Conviction of Guilt Without Regard to Intent or State of Mind
In the criminal justice system, offenses are commonly categorized based on the state of mind of the perpetrator at the time of the act, and criminal statutes typically identify the state of mind required for a conviction. Most crimes require the prosecutor to prove that the defendant had either “general” intent or “specific” intent to commit a crime.
“General” intent crimes are those where the defendant intended to perform a particular act but did not necessarily intend for a certain result to occur. For example, DUI is a general intent crime because a person intends to drink alcohol but does not necessarily intend to drive drunk. “Specific” intent crimes are those where the defendant specifically intended to commit a particular criminal act, such as first-degree murder. Some crimes, however, do not require any intent, or even knowledge, on the part of the defendant.
Strict Liability in a Criminal Case
In limited circumstances, a person can be charged and convicted of a crime without the prosecutor needing to prove their state of mind. Such prosecutions are based on the legal principle of strict liability, a concept more often associated with personal injury claims such as dog bites or defective product cases.
With a strict liability offense, prosecutors do not need to show either general or specific intent to commit a crime. Strict liability crimes require the prosecution to show only that the defendant engaged in the legally prohibited activity.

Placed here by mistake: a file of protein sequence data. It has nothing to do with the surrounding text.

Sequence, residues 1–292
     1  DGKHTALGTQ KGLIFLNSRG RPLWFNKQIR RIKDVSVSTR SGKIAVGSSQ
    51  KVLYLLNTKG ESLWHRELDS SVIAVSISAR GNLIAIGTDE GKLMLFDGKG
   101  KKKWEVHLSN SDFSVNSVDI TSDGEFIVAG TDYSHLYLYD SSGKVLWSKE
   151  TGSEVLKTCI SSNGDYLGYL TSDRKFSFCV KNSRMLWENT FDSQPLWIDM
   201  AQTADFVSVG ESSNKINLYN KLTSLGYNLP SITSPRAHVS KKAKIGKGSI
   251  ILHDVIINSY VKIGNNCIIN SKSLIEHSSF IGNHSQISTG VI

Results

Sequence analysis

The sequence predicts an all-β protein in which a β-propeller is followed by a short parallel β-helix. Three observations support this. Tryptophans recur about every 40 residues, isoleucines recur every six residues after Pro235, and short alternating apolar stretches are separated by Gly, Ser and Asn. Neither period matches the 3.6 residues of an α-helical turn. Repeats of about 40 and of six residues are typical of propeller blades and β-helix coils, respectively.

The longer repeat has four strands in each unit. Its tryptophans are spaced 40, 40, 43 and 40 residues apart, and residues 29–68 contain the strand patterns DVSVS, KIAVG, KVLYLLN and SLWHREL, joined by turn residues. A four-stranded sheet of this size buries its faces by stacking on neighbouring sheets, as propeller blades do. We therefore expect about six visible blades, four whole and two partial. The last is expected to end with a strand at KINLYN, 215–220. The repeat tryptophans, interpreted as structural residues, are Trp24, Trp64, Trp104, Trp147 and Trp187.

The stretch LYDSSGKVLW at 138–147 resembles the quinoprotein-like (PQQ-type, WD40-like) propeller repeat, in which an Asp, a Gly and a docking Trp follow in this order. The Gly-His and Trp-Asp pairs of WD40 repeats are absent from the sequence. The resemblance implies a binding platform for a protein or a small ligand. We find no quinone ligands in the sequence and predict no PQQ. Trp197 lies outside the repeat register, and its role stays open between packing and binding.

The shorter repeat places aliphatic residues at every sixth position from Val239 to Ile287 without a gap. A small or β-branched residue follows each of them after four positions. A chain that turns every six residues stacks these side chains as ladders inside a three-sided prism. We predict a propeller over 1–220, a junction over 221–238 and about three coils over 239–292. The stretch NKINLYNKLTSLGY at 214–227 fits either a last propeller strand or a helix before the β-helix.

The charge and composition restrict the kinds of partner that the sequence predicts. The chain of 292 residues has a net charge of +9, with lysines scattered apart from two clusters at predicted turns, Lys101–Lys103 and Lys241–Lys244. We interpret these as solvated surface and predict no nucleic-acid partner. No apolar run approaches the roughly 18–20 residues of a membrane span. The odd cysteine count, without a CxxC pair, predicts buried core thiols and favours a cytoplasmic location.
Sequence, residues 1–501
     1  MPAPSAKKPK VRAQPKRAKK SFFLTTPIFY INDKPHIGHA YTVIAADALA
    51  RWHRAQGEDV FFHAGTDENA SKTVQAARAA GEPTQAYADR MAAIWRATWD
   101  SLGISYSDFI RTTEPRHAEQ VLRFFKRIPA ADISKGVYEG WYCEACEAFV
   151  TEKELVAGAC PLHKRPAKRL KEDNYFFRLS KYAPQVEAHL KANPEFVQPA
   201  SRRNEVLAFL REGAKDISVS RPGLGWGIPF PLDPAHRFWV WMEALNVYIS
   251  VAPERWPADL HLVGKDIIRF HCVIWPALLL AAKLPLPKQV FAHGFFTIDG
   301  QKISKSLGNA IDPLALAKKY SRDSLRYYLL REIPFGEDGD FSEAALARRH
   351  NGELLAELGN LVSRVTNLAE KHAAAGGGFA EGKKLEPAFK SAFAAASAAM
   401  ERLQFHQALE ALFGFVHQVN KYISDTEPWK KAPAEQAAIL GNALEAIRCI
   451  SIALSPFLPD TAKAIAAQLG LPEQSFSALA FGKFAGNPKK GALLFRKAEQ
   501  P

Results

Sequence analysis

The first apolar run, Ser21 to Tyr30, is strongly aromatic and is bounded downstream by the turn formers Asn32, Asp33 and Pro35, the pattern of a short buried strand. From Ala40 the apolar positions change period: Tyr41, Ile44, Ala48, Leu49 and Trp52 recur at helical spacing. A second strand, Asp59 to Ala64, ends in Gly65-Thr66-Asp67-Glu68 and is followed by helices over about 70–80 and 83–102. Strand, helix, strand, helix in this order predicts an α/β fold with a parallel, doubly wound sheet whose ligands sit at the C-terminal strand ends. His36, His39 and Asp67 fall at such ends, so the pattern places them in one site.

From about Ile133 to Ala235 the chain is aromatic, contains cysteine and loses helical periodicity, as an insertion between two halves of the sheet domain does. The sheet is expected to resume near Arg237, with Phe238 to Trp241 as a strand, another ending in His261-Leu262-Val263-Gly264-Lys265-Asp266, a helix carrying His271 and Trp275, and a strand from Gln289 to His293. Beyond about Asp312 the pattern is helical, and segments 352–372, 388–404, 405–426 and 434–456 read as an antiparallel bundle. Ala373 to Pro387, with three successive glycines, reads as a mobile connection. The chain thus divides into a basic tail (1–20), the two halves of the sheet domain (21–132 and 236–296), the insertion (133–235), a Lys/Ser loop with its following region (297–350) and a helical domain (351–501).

What Are Common Strict Liability Crimes?
Laws establishing strict liability crimes vary from state to state, but generally include three types of offenses:
- Statutory Rape—The most well-known strict liability crime is statutory rape. Statutory rape laws typically require a prosecutor to show only that the perpetrator had sex with someone under a certain age. It does not matter whether the defendant honestly believed the minor was old enough to give legal consent.
- Sale of Alcohol to Minors—In states where selling alcohol to a minor is a strict liability offense, a person can be convicted even if the minor looked old enough to buy alcohol and provided what appeared to be an authentic drivers’ license or other form of identification.
- Traffic Offenses—In general, a prosecutor must show only that a person committed a traffic offense prohibited by the traffic laws. It does not matter whether the motorist knew they were breaking the law or had a good reason to do so. For example, if you are ticketed for going 72 in a 55-mile-per-hour zone, you can be convicted of speeding even if your speedometer gave you a false reading or you were rushing someone to the hospital.
Defenses to Strict Liability Crimes
There may be some defenses available to you if you are accused of a strict liability crime. Even though intent is not an issue, the prosecution must prove the other elements of the crime beyond a reasonable doubt. A local criminal defense attorney can advise you on the best approach to defending your case.